"Happy" became a movement unto itself last year. But during his Grammy moment, Pharrell Williams aligned the song's message with what's undoubtedly the biggest movement of the moment. While audiences at home fixated on his bellhop costume, many missed the artist's powerful message.
During the middle of his performance, Williams and his backup dancers on stage — many outfitted in black hoodies — paused. Instead of singing, they allowed their hands to speak for themselves in a tribute to the #BlackLivesMatter movement that emerged last year to protest the killings of unarmed black Americans.
The significance of the black hoodies and the "hands up" motion cannot be understated. Both images have been unmistakably synonymous with the broader movement against the killings of unarmed black people at the hands of police officers and vigilantes. The hoodies originally emerged as a form of protest following the death of Trayvon Martin in 2012 and the eventual acquittal of his killer, George Zimmerman. The "hands up" came immediately following the death of Michael Brown in August 2014 in Ferguson, Missouri, by a police officer.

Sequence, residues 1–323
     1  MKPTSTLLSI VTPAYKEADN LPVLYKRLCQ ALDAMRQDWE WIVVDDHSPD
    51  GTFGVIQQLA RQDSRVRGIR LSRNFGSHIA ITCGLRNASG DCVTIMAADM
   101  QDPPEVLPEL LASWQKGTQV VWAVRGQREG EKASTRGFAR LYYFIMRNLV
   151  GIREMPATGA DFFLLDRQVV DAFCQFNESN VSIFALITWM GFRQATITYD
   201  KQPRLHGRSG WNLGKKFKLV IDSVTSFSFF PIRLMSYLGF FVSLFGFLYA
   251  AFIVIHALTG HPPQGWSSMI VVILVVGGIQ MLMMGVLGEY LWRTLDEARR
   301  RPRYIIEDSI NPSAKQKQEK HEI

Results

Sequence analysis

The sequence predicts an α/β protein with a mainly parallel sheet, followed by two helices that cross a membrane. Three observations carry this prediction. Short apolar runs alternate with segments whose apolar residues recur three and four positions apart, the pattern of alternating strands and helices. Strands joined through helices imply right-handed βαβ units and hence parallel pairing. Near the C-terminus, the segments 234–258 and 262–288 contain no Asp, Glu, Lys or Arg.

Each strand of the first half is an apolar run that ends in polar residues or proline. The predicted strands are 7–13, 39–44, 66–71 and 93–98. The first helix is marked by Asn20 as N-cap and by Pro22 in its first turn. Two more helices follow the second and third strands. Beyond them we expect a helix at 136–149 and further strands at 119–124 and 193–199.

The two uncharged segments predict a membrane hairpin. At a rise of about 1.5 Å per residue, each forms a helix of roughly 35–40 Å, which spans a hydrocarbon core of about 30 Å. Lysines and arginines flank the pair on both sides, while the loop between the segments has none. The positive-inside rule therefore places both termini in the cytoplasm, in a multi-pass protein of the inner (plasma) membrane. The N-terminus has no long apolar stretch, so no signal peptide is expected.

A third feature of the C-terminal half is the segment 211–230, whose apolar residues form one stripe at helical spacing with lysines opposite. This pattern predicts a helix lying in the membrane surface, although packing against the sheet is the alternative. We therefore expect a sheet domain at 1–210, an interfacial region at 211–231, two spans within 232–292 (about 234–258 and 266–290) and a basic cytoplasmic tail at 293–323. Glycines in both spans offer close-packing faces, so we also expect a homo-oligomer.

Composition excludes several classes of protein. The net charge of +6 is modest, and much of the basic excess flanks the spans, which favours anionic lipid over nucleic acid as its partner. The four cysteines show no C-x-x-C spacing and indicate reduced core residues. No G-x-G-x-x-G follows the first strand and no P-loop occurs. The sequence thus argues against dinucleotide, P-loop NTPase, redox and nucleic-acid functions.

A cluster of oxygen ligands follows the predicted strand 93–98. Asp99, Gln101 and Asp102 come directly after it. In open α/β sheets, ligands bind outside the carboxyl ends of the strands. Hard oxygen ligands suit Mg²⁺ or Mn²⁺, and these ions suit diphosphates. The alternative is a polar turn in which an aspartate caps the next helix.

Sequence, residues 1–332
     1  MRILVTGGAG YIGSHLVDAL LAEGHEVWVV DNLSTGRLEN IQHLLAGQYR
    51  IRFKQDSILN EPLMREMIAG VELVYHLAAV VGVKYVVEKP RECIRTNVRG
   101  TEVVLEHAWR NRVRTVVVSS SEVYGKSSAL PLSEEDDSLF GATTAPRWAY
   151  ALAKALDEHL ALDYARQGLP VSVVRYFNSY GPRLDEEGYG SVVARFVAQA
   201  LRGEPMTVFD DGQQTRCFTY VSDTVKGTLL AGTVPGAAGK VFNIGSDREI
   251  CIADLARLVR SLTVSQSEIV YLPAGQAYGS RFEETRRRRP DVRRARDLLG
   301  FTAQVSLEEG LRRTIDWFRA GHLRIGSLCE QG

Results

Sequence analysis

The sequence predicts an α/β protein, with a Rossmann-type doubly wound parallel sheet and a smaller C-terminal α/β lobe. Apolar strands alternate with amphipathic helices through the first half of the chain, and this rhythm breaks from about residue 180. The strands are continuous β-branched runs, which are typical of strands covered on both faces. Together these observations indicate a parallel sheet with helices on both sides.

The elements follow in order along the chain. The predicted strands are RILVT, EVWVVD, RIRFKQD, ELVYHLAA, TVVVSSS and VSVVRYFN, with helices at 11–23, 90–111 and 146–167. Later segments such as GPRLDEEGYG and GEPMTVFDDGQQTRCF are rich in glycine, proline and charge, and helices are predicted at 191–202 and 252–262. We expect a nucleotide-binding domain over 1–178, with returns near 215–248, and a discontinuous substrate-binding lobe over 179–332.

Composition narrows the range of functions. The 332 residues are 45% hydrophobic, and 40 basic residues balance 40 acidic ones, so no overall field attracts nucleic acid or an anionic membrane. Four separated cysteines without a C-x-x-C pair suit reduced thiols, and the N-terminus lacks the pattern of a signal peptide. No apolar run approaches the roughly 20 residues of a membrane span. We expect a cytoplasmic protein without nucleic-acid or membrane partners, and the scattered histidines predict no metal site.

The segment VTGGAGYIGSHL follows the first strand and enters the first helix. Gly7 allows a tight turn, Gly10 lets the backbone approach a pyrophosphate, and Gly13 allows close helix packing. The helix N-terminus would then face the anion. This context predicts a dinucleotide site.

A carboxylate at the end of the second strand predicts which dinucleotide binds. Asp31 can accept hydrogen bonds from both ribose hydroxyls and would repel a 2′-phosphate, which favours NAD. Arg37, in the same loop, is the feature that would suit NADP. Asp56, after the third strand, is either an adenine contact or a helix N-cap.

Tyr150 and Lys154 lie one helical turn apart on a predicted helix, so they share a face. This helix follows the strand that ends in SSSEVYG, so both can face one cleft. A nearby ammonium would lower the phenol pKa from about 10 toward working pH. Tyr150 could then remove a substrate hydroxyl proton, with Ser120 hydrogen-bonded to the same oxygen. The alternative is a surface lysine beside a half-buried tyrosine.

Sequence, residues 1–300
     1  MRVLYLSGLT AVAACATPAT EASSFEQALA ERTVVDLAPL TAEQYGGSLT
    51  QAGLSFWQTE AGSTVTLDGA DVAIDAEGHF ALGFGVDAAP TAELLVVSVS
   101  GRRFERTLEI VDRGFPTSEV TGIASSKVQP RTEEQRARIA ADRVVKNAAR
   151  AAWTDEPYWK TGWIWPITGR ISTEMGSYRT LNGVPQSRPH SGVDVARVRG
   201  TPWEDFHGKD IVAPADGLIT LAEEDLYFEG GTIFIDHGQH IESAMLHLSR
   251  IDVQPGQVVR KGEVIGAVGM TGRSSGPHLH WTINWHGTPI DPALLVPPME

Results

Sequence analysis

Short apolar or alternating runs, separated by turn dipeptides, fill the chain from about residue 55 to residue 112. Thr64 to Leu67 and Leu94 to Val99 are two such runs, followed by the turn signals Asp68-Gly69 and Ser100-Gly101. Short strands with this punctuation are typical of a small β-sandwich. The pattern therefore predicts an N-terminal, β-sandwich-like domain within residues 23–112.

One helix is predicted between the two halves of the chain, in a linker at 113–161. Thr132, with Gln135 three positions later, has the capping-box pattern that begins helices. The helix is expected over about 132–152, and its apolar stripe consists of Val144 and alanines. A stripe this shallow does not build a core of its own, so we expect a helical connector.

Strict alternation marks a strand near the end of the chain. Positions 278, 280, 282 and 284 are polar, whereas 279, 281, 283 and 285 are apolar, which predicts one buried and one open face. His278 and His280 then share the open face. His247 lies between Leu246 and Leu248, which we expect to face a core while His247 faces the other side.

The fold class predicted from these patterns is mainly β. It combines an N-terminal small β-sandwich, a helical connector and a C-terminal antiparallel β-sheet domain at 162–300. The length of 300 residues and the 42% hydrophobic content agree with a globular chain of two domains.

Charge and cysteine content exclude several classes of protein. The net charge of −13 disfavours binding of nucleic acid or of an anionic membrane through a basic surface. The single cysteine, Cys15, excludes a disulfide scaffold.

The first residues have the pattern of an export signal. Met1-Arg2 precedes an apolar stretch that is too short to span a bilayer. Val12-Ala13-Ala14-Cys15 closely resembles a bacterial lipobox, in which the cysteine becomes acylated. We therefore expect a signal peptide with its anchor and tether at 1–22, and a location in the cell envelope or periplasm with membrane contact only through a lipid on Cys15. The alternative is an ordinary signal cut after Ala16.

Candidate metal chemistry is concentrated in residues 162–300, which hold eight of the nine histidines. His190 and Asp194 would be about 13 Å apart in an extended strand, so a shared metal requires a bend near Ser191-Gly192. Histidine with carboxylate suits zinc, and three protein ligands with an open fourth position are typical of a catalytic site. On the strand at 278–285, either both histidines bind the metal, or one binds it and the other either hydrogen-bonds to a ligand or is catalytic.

Williams chose one of the biggest moments of his career, on what's perhaps music's biggest stage, to make a pointed gesture of solidarity with the broader #BlackLivesMatter efforts. Aligning his iconic song "Happy" with a call to value black lives sends a strong signal that the movement's message has been heard — and isn't going away anytime soon.